This “they” will certainly turn the whole deal into an absurd carnival, a hoity-toity mutt of a village cobbled together to reflect what the average person who hasn’t been to Italy thinks of deepest Tuscany. We’re talking fake ceiling beams, efficient bureaucracy, beer halls. It’s not just you and I—the locals were quite suspicious of the whole turn of affairs, too, according to the project’s Chief Executive Officer Stefan Neuhaus.
We spent a couple of nights as Stefan’s guest in the hotel, which used to be the tobacco factory. Most of the village has been restored—but there were still a few cranes. There isn’t a beer hall, but there is a wine shop and even a winery with tasting room. On the day we were leaving, a gelateria opened. We were the first outsiders to have an early morning gelato. The farro concoction, a specialty, was very, very good and Tuscan to the core.
You can visit, as we did, with a hotel stay and enjoy the three pools, the bikes, the food and wine, and maybe throw on the apron and experience a cooking class. Perhaps you are a golfer (see our views on the Castelfalfi golf courses). But then perhaps you might consider the renovated houses for sale, targeting the busy executive who just wants to relax and have everything taken care of; just call ahead and let the management arrange your activities. Homes start at 250,000 euro. You can be middle-management and still afford one.
Wine is just now beginning to be squeezed out of the rejuvenated vineyards. There are three reds currently. They aren’t expensive. Our favorite, the 2013 Cerchiaia Chianti costs 10 euros, 16 in the restaurant. In the US, it would cost at least $40 in a decent eatery. The super-Tuscan called Poggionero is a few euros more. Soon there will be a white.
Chef Francesco Ferretti There are two restaurants, a fancy one and a trattoria called Il Rosmarino. We were lucky enough to take a cooking class with the chef of Il Rosmarino, just a short stroll up the street from the hotel. Francesco Ferretti had us making puff pastry and rolling pici, a typical fat spaghetti made without eggs, all the while giving us tips on cooking and telling us of his work in this rejuvenated village.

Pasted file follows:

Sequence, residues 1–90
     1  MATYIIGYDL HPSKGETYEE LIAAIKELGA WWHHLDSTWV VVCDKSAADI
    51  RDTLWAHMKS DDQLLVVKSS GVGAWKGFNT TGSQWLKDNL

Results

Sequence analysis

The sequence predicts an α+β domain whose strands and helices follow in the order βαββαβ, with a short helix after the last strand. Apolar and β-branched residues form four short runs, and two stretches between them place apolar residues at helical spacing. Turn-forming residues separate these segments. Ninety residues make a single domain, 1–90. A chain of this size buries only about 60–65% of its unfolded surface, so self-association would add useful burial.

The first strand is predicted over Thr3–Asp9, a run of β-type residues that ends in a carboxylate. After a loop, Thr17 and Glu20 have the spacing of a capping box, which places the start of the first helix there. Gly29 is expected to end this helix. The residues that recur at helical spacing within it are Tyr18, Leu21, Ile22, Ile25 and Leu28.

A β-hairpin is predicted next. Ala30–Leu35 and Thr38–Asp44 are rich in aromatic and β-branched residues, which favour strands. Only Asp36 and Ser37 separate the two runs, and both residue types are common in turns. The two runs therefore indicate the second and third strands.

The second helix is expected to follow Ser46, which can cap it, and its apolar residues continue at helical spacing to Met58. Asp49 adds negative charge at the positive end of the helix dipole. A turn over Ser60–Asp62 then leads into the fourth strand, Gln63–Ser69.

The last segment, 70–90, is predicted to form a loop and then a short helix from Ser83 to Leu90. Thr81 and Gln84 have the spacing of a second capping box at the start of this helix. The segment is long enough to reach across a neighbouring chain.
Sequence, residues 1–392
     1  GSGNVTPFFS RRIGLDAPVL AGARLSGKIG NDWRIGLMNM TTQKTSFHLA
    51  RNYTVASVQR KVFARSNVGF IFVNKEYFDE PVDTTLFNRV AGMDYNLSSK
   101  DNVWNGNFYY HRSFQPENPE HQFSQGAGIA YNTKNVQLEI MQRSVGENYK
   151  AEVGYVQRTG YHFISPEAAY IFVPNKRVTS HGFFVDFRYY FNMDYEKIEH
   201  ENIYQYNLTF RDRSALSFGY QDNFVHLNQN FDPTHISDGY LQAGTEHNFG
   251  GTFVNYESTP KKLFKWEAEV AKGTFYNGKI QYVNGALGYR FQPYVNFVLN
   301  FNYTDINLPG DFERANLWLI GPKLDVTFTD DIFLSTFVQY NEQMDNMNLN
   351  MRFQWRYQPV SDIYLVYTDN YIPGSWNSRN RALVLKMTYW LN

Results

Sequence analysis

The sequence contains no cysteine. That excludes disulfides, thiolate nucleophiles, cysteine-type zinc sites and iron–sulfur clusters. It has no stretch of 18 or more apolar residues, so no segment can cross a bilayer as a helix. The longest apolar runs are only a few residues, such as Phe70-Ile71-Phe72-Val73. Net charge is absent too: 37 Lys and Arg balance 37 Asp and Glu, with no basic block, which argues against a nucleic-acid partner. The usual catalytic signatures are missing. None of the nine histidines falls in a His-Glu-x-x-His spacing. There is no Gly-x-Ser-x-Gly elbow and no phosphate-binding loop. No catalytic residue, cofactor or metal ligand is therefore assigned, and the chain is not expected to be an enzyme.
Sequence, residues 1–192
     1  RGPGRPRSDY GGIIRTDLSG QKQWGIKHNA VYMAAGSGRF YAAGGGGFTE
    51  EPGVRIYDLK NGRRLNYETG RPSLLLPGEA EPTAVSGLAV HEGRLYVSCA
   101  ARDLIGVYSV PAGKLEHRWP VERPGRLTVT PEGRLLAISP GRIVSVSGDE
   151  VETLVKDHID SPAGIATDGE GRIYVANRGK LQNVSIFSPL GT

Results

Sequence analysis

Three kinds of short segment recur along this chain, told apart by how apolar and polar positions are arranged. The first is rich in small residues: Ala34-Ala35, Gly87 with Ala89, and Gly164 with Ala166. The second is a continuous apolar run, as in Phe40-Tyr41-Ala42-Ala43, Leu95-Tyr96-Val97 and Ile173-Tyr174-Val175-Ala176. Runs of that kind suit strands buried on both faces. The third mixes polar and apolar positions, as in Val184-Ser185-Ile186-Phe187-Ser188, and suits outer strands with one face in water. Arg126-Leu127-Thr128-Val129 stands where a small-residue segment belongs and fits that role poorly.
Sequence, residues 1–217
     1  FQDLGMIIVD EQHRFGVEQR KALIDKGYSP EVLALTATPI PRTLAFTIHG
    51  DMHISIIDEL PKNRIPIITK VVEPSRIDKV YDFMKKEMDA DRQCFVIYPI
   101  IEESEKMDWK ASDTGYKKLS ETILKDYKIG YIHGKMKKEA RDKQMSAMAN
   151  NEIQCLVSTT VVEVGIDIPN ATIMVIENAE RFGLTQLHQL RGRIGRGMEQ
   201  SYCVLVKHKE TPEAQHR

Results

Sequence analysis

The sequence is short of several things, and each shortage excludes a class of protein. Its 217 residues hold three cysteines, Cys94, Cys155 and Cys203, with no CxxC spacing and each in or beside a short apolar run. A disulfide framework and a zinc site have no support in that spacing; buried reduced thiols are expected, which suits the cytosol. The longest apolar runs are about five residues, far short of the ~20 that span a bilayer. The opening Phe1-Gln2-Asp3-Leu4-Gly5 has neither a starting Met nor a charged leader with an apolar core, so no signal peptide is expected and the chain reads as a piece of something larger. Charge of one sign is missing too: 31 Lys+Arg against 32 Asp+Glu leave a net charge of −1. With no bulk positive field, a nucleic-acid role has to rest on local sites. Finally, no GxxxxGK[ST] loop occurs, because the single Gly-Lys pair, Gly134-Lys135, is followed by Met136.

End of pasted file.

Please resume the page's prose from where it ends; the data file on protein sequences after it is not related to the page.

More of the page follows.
When we were done, we took off our aprons and chef Ferretti escorted us to our table, precisely positioned to have a view of the Chianti landscape out the open window. Here was where he would force us to eat what we had made. Having your hand rolled pasta turned into a work of art and served to you by a window open to the Tuscan hills is an experience you’ll remember, trust me. That’s chef Ferretti to the upper right, opening our bottle of Cerchiaia.
There is a wildlife preserve bordering on the Castelfalfi golf course. A fence keeps the wild boar in check. A walk with the gamekeeper brought us past a derelict house used in the latest Pinocchio movie and then past the locked gates of the preserve, where we hacked through the undergrowth to see an Etruscan tomb. Along the way we learned of the purpose and history of just about every piece of vegetation that grew around us. We were immersed in a world that poor Italians would have known like the backs of their hands.
Perhaps you are getting the picture here. This is a special place, built and staffed with Italian workers.